Idaho Murder Suspect Was in Class While Quadruple Homicide Was Discussed, According to Classmate
A classmate of the suspect in Idaho’s quadruple murder is now wondering what took place behind the impassive façade of accused killer Bryan Kohberger as their criminal justice class discussed the killings.
Kohberger, 28, was a graduate student majoring in criminology at Washington State University in Pullman, Washington, which is about nine miles from Moscow, Idaho, where four University of Idaho students were killed on Nov. 13.
Fellow student B.K. Norton said Kohberger was “quiet and deadpan” during discussion of the murders, according to the New York Post.
“I don’t believe he had any reaction. We had quite a long conversation in class about it, too. I don’t believe I remember him commenting about it at all,” Norton said.
Norton said she was shocked by Kohberger’s arrest, saying, “Little did we know the [suspect] was among us.”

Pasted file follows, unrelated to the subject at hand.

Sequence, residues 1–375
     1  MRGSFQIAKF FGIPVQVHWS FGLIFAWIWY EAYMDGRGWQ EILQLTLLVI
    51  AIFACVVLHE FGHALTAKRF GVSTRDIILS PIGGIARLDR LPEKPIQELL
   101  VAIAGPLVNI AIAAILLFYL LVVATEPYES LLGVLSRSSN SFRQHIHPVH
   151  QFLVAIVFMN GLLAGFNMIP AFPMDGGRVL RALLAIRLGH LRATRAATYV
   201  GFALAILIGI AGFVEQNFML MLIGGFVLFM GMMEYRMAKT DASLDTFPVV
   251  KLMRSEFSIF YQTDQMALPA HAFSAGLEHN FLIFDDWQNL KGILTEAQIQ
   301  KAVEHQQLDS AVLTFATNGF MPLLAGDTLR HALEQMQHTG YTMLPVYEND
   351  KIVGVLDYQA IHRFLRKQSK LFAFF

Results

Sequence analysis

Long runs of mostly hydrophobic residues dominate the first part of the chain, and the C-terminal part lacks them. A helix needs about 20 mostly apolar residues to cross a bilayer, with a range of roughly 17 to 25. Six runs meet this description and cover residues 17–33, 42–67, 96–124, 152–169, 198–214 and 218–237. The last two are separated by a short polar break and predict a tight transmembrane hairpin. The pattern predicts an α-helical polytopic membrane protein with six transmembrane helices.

Norton told The Associated Press that Kohberger was “a little off, but I always thought it was because he was awkward and wanted to fit in.”
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Graduate student Ben Roberts said Kohberger changed after the killings, according to the Seattle Times.
“He was starting to show up really tired. … He’d always have a cup of coffee in his hand, and he kind of looked like he was riding the knife edge between worn out and completely exhausted,” he said.
“I had honestly just pegged him as being super awkward,” Roberts told the AP.
Norton told The New York Times that she saw a positive change in Kohberger at the time of the murders.
“He seemed more upbeat and willing to carry a conversation,” she said.
“He sort of creeped people out because he stared and didn’t talk much, but when he did it was very intelligent and he needed everyone to know he was smart.”
According to the AP, chief Monroe County, Pennsylvania, public defender Jason LaBar said Kohberger will waive his extradition hearing when he appears in court on Tuesday.
LaBar said Kohberger should not be presumed guilty.
“Mr. Kohberger has been accused of very serious crimes, but the American justice system cloaks him in a veil of innocence. He should be presumed innocent until proven otherwise — not tried in the court of public opinion,” he said in a statement.
This article appeared originally on The Western Journal.
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